In recent months, British Prime Minister David Cameron and U.S. Secretary of State Hillary Clinton have warned Africa to be cautious of “new colonialism,” especially from China. On this dimension, however, the West doesn’t have much of a moral leg to stand on. Self-serving rhetoric aside, look at the historical reality. In the colonial days, the West’s relationship with Africa was basically one of taking resources from the continent without giving anything back. When the colonial era ended, the West’s relationship changed from “resources for nothing” to “resources for cash.” Whether this helped African economies remains debatable, since much of the cash ended up in the Swiss bank accounts of corrupt African leaders.
China’s relationship—based on “resources for infrastructure”—has been radically different. While such deals are unlikely to be corruption-free, the scope for corruption is clearly lower. More important, in a continent like Africa, better infrastructure is massively critical for spurring growth in productivity.
India’s relationship, driven largely by the private sector and focused heavily on investing and creating jobs in Africa, has the potential to be even more beneficial for Africa. Aside from the above-noted moves by private-sector companies, the Indian government has launched a Pan-African e-Network project aimed at connecting all 53 nations in Africa by a satellite and fiber-optic network. The government has also launched a $700 million program for the development of educational institutions and training programs in Africa.
In short, China and India’s involvement in Africa is structurally different from that of the U.S. and Europe and is likely to have a bigger long-term impact on the creation of human and institutional capacities in African countries.
Myth No. 4: China’s investment in Africa’s natural resources threatens other resource-dependent economies such as Europe, the U.S., Japan, and India.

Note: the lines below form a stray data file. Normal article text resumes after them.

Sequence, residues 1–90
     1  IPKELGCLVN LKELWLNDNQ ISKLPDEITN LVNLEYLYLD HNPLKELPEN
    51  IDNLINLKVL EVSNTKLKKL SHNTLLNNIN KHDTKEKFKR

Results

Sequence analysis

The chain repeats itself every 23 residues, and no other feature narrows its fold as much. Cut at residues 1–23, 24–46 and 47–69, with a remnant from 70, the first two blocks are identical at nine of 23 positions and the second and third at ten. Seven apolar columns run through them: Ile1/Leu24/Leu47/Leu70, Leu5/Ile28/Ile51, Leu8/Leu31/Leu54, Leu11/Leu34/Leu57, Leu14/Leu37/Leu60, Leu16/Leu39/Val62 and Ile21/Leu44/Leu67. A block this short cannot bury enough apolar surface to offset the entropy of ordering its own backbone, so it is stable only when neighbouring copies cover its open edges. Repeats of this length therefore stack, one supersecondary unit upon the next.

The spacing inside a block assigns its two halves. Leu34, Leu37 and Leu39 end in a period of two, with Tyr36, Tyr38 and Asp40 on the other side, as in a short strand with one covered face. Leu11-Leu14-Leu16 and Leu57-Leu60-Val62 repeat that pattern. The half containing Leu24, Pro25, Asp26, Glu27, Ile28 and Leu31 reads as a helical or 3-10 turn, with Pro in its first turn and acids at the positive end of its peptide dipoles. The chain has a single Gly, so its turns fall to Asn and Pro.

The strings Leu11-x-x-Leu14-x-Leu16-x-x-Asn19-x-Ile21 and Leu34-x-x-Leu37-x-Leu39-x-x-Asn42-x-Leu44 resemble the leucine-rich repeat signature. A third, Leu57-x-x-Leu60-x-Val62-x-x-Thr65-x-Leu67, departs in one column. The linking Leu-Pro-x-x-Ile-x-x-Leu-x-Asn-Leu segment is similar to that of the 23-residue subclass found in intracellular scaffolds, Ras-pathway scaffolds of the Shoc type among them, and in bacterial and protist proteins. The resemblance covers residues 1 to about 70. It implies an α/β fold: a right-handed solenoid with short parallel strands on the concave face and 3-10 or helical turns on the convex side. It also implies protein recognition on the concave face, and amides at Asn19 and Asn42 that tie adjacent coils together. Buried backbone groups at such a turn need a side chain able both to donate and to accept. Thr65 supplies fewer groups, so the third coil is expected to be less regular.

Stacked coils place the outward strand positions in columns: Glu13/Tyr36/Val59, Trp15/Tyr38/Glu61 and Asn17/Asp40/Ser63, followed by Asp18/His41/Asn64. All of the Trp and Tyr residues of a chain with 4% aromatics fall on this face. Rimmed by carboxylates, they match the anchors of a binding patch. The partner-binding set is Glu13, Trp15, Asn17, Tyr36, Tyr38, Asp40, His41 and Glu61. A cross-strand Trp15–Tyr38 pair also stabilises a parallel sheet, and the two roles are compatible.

Even though Africa is resource-rich, it is not the only resource-rich region on earth. Other extremely resource-rich regions include Russia, Mongolia, the Middle East, Latin America, Australia, Canada, and the U.S. It is impossible for Chinese investments in Africa to give China any type of monopoly position in any commodity. In fact, what Chinese investment does is to boost the world’s supply of various commodities and thus prevent commodity prices from rising even faster than they otherwise would.
Take crude oil as an example. For a country such as India, it does not matter whether a barrel of oil was extracted from a well in Angola, Nigeria, Canada, or Russia. The only thing that matters is the positive impact of China’s investments in Africa’s oil resources on the world’s total supply of oil. Thus, China’s investments in Africa’s natural resources should be treated as a case of “win-win-win”—a win for China, a win for Africa, and a win for other resource-importing countries.
Myth No. 5: India cannot compete with China in Africa.
The only Africa-focused issue where India cannot compete with China is in bidding for concessionary rights to natural resources. China simply has more capital than India. Also, most Chinese investors in Africa are state-owned enterprises with access to extremely low-cost capital from state-owned banks. In contrast, it is the private sector from India that plays the leading role in Africa.
However, the last thing India should fret about is Chinese investments in Africa’s natural resources. In sectors other than natural resources, Indian companies have overwhelming advantages over their Chinese peers. In socioeconomic terms (such as low income levels, vast internal diversity, widespread use of English), Africa is much closer to India than China. Also, Indian private-sector companies are far more experienced at managing globally dispersed operations than Chinese state-owned enterprises.
Bharti Airtel is a striking example of India’s strengths over China. Bharti Airtel found it easy to become the second-largest mobile operator in Africa and has successfully transferred its frugal innovation model from India to Africa. Meanwhile, China Mobile has had great difficulty figuring out how it could create any value by acquiring an operator in Africa. The Bharti Airtel story is being repeated in other sectors of Africa’s economy such as autos, steel, agriculture, and education.